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11:46, 14 February 2012 Tuesday

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Hamas leaders secretly meet in Qatar over internal dispute
Hamas leaders secretly meet in Qatar over internal dispute
(File Photo)

The two top leaders of the Islamist Palestinian group Hamas met at secret talks in Qatar to resolve an internal crisis over a reconciliation pact with the Fatah.

The two top leaders of the Islamist Palestinian group Hamas met at secret talks in Qatar on Sunday to resolve an internal crisis over a reconciliation pact with the Fatah movement of President Mahmoud Abbas, a diplomat in the region said.

The first open leadership split in the 25-year history of Hamas arose over how far it should go in closing ranks with Fatah.

"Khaled Meshaal and Ismail Haniyeh met last night in Qatar to discuss the dispute in Hamas over the Doha agreement," the diplomat told Reuters on Monday, naming the two main figures in the organisation.

Meshaal has recently quit his longtime Damascus headquarters, politically embarrassed by Syrian President Bashar al-Assad's bloody crackdown on an uprising waged by fellow Sunni Muslims. Haniyeh flew to Qatar from Iran.

The two Islamist leaders are not, however, on opposing sides of the internal dispute in Hamas, but are trying to resolve differences in its collegial leadership between Meshaal and Gaza-based group leaders close to Haniyeh, analysts say.

"The crisis persists," the diplomat told Reuters after the Qatar meeting. He asked not to be identified.

Hamas and Fatah have been saying for over a year that it is high time to end their damaging rivalry.


Some in the top ranks of Hamas believe that with Middle East peace talks now on the rocks, the recent rise of Islamist movements in the Arab world gives them more leverage over Western-backed Abbas than they have ever had.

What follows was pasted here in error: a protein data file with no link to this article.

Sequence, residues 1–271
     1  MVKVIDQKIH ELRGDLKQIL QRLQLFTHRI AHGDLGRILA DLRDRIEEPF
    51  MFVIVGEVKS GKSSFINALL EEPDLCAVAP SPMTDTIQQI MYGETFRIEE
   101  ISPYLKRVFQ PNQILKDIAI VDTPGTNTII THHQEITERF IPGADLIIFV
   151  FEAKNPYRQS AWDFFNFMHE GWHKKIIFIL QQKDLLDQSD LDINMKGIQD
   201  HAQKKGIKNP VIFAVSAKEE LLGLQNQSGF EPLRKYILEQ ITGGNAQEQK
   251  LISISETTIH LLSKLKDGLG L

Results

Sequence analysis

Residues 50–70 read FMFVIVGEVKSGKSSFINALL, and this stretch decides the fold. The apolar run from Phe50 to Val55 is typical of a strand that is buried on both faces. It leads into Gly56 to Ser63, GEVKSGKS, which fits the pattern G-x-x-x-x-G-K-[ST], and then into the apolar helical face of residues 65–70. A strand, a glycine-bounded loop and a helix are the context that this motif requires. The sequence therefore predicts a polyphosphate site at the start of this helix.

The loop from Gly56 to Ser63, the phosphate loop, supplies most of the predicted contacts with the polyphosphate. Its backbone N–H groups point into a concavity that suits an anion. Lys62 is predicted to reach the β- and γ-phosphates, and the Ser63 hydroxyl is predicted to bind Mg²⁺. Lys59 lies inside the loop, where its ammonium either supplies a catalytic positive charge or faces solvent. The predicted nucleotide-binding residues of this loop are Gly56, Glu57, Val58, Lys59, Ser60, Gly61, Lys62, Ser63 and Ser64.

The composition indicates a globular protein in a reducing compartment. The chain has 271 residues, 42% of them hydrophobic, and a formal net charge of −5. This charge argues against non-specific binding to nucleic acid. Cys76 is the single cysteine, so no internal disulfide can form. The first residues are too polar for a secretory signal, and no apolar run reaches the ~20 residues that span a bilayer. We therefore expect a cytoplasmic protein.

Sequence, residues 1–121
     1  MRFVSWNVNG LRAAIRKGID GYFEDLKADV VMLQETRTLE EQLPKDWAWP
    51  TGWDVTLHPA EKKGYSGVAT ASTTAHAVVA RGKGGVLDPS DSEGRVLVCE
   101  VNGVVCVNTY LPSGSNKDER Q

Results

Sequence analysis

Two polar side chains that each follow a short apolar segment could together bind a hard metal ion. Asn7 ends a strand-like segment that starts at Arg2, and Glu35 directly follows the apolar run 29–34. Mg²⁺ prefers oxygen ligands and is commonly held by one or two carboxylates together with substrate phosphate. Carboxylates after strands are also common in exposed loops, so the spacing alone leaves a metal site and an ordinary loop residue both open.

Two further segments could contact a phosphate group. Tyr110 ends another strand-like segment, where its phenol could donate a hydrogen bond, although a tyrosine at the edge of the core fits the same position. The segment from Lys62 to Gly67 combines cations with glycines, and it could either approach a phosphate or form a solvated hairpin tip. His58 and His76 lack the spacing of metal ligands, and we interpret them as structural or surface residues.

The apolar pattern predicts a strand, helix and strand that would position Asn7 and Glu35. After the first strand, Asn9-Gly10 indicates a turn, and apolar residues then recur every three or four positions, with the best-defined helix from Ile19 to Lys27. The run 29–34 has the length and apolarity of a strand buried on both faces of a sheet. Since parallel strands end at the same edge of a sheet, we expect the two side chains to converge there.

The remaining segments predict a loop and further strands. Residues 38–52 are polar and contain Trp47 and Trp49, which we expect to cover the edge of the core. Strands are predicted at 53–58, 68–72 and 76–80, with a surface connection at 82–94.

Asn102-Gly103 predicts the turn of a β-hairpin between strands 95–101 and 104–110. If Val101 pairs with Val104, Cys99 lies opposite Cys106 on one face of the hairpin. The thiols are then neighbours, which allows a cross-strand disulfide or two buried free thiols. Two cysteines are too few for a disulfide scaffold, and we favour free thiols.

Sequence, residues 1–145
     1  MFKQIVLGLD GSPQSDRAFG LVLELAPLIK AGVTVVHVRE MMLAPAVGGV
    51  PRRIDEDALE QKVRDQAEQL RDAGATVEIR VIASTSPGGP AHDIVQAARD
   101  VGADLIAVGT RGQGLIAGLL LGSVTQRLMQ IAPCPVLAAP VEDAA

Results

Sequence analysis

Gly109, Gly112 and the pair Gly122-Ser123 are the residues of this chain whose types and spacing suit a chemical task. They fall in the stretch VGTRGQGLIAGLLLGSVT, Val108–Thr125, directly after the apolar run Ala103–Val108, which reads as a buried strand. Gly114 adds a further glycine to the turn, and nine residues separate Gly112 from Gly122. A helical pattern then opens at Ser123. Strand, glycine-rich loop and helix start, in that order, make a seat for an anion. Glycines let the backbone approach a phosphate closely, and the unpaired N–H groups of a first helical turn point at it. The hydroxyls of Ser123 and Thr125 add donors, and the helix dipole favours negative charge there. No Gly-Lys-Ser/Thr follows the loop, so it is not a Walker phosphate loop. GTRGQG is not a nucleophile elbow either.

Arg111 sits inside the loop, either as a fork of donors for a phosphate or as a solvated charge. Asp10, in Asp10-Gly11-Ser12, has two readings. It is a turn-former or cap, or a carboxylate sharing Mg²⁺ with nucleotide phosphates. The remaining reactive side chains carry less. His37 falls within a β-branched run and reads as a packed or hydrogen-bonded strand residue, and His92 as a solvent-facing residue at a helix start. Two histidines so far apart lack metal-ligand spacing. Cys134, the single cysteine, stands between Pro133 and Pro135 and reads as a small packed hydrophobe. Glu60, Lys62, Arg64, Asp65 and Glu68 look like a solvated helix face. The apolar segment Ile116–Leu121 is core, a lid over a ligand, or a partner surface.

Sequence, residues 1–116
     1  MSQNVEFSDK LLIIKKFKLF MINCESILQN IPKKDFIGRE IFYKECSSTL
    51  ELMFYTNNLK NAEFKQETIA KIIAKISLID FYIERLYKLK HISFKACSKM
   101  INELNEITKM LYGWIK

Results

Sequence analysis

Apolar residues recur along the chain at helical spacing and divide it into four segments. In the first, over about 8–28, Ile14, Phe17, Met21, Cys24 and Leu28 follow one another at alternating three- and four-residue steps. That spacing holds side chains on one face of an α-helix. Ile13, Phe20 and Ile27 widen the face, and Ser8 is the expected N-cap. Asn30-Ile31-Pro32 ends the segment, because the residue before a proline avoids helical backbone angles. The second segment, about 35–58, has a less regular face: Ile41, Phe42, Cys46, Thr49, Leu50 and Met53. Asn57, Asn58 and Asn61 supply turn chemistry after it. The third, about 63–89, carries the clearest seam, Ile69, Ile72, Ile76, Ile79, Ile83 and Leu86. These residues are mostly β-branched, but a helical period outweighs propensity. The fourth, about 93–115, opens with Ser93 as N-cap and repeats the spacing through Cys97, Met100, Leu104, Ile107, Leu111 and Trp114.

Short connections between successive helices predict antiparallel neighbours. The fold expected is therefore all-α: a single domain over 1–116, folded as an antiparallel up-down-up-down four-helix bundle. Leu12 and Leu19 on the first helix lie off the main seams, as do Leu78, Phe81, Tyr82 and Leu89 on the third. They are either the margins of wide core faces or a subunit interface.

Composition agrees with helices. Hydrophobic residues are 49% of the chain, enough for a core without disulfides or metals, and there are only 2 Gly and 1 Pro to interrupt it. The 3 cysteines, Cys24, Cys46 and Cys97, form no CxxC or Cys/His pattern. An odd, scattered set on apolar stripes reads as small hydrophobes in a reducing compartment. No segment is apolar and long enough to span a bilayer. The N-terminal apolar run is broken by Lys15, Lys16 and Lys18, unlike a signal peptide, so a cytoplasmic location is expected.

But Hamas leader-in-exile Meshaal, with close ties to Egypt's Muslim Brotherhood, sees it as a time for accommodation rather than confrontation, together with subtle policy adjustments to end Hamas's isolation.

Meshaal and Abbas signed a pact in the Gulf state of Qatar last week, according to which Abbas would lead an interim government of technocrats with the task of preparing for overdue presidential and parliamentary elections later this year.

Haniyeh, the Hamas leader in Gaza, backed the deal but other senior Hamas figures in Gaza were vocally opposed, pitching the movement into a rare open dispute.

Haniyeh flew to Qatar from Iran, where he met leaders of the Islamist Republic. Relations have soured in past year over the lack of public support from Hamas for their common ally Assad in his handling of Syria's uprising.

A statement from Haniyeh said Iran reaffirmed its support for the Palestinian people "and by all means to reinforce the steadfastness and resistance against the (Israeli) occupation."

Diplomats say Iran aid has been suspended since August 2011.


The Qatar deal, which would make Abbas president and prime minister at the same time for the duration of the interim government, angered those in Gaza who feel Meshaal made too big a concession to the Palestinian leader in the Israeli-occupied West Bank without obtaining their approval.

Under Hamas rule, Gaza effectively runs its own affairs.

Meshaal has until recently been based in the Syrian capital, Damascus, but is now seeking new headquarters.

Haniyeh is top man in Israeli-blockaded Gaza, heading a more disparate group of senior figures with divergent views.

The Hamas-Fatah pact aims to heal five years of political division since Hamas seized control of Gaza and ejected Fatah from the enclave. Te Palestinians remain split politically, on top of geographically.

Mahmoud Al-Zahar, a senior Hamas figure in Gaza, described Meshaal's agreement with Abbas as a "mistake". Zahar clashed with Meshaal late last year when the exiled leader advocated giving Abbas more time to pursue his peacemaking with Israel.

Hamas sources say some officials are demanding that the group should have key portfolios in the proposed interim government if Abbas is to be prime minister as well as president. That would violate the whole point of the interim arrangement, which is that the government must be made up of political independents, not men from factions.

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